Paul and Violence?

In my new book on Paul, Inhabiting the Cruciform God, I have a chapter arguing against the idea that Paul had a violent personality and for Paul as peacemaker and practitioner of nonviolence—which, I argue, is rooted in Paul’s gospel and especially in the resurrection.

A sympathetic and astute reader of the book, Brad, posed some very interesting and important questions.

One particular question keeps coming to mind and I was wondering if you would mind giving me your thoughts on it. You do a really nice job of showing in a succinct and compelling way how the kenotic view of God (and its non-violent implications) does not necessarily conflict with eschatological wrath/judgment, but I am left wondering what exactly Paul might have thought about the images of God as “Divine Warrior” in the OT, especially as this image is used for the sanctioning of nationalistic war (e.g. Joshua and Judges). How do you think Paul would have related these two images of God, kenotic and Warrior? A somewhat related point is that, while Paul does seem to leave the Phinehas understanding of zeal aside in favor of the model of Abraham, Genesis seems to think that a climactic expression of Abraham’s faith was in his willingness to sacrifice his own son (the “Akedah”). Paul apparently is comfortable appropriating the Akedah as a prototype of Christ’s obedience, but how do you think he would have thought about this act of violence as an expression of faith?

[More specifically,] I’m wondering is what Paul would have thought when, so to speak, he picked up Judges and read it: given its Scriptural status I don’t think Paul would have thought that God as Warrior who authorized and even demanded nationalistic military engagement was “not the same” as the God of Jesus Christ (as, e.g. Marcion) or that God had previously acted contrary to his character. So the question I’m thinking through is how would Paul have put together his view of God as fundamentally kenotic with the prior revelations of God as a (nationalistic, militaristic) Warrior who leads his people in battle. Or to put it another way, if God now approaches his enemies in restorative love, it seems that Paul also would have been compelled to acknowledge that in previous times and perhaps also in the future at the eschaton, God had acted on the principle of retributive justice (so sapiential literature, the Deuteronomistic History, etc.) and through the mode of military conquest.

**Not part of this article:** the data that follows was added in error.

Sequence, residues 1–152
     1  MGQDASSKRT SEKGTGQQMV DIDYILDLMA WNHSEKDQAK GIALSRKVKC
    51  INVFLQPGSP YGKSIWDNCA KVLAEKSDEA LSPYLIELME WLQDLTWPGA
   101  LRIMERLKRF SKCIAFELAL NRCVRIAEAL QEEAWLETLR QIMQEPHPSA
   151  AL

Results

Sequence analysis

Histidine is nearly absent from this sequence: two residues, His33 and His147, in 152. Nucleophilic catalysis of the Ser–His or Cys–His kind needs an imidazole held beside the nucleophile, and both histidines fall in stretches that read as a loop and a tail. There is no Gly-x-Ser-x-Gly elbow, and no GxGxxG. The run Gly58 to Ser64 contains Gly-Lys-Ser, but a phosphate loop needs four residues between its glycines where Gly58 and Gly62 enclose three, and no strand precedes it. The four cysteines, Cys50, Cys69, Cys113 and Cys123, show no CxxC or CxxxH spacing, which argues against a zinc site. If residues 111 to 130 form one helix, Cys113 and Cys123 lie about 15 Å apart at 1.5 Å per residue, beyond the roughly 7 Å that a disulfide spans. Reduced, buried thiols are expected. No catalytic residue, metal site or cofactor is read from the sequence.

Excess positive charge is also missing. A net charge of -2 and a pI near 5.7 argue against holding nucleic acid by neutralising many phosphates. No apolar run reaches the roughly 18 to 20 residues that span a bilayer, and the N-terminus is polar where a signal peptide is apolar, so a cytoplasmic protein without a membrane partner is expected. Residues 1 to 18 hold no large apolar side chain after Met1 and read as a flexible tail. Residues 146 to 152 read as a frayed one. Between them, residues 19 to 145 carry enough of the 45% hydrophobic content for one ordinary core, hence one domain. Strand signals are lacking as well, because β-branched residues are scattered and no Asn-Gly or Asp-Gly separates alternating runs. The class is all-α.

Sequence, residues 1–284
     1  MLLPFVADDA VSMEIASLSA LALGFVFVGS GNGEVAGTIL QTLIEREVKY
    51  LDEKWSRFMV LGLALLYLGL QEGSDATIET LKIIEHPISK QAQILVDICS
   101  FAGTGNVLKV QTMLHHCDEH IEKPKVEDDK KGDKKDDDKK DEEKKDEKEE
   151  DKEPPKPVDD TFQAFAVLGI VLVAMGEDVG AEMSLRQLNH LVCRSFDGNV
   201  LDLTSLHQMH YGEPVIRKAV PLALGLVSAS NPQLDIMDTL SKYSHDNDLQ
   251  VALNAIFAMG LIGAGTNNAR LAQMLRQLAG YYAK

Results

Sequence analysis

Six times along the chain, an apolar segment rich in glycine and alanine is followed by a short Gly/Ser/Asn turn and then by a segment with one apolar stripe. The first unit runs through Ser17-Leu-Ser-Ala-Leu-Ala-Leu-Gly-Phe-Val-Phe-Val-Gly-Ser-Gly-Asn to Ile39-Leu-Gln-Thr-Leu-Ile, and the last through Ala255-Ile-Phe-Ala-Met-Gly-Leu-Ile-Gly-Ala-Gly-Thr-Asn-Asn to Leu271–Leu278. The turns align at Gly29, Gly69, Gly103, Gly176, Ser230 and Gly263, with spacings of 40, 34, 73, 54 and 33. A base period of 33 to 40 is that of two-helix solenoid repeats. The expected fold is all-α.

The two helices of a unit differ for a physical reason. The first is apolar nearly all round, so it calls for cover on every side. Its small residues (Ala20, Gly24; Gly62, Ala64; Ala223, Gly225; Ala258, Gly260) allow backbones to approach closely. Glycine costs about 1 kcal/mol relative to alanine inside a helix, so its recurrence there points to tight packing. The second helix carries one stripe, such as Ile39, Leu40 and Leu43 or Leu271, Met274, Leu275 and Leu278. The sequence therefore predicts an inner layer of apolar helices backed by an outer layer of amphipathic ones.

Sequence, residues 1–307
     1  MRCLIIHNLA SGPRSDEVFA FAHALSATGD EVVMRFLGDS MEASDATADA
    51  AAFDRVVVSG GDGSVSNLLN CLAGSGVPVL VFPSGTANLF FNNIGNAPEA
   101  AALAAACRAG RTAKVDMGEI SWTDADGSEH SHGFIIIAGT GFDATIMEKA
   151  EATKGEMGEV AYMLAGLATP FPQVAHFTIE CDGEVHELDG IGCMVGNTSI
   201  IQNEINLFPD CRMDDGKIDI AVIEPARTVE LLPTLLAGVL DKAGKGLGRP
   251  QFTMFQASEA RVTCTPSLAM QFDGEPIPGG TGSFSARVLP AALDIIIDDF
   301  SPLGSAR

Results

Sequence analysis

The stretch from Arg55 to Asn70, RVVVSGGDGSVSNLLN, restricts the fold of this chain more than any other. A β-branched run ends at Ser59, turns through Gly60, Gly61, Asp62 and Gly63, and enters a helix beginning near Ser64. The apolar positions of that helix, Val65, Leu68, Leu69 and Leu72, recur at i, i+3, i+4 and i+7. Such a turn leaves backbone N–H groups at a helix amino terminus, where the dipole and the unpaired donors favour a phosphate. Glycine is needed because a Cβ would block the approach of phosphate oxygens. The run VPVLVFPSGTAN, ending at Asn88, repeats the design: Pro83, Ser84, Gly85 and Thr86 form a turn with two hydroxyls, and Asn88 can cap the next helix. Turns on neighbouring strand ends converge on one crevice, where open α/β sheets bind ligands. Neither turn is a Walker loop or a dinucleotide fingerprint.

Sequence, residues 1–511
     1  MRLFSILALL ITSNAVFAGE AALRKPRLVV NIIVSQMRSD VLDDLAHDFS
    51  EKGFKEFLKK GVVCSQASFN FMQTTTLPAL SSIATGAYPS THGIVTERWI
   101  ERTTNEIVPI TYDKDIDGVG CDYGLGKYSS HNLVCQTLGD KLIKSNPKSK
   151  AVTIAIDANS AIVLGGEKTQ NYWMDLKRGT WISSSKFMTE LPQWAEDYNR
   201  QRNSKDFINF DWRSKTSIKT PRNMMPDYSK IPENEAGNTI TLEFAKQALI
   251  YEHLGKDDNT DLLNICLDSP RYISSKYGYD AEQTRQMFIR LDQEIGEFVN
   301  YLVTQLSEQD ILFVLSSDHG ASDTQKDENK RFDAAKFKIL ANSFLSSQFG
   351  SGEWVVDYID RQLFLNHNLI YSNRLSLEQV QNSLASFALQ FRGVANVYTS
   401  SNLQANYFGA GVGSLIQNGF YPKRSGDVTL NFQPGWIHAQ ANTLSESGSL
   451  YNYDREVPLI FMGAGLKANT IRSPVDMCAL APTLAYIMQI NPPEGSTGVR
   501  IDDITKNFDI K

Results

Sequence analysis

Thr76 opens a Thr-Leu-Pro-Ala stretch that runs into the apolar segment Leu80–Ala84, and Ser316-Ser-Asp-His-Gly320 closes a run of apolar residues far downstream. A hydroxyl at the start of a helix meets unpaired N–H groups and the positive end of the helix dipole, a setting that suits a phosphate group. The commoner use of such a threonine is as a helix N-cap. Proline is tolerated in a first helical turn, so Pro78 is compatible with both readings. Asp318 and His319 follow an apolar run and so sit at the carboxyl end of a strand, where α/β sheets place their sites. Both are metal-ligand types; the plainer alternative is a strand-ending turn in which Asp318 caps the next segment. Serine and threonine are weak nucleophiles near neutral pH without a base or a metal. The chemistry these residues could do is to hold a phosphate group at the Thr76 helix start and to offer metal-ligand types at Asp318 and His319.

Some of my response to these questions follows:

1. It is clear that Paul (and perhaps also the Pauline tradition, if Ephesians is not by Paul) can occasionally use various forms of military language and images for both God’s and (especially) believers’ life and activity. This language comes from the Scriptures, other Jewish literature, and Roman military life, etc. (Nijay Gupta, finishing a PhD in NT at Durham University in England and now teaching at Ashland Seminary is beginning a study of the last of these three, and that should be interesting.) This Pauline language is fully denationalized and is “theologized,” specifically “apocalypticized”: it is used to describe the conflict between God and/or believers on the one hand, and evil powers, Satan, false gospels and ideologies, etc., on the other. In some sense, believers participate in the divine apocalyptic battle, as in other Jewish literature. But this battle is in no sense actual military combat or physical violence. Nor is this battle a form of “soft violence,” that is, non-lethal coercion. The battle is waged with such weapons as proclamation, prayer, persuastion, and suffering. The use of military imagery may be a bit off-putting to us who are sensitive to its abuse, but it in no way justifies the use of violence. In fact, God is the kenotic warrior! God’s means of initiating and waging the apocayptic battle is to send into the world weapons of righteousness that embody the divine character: the Son, the Spirit, the church.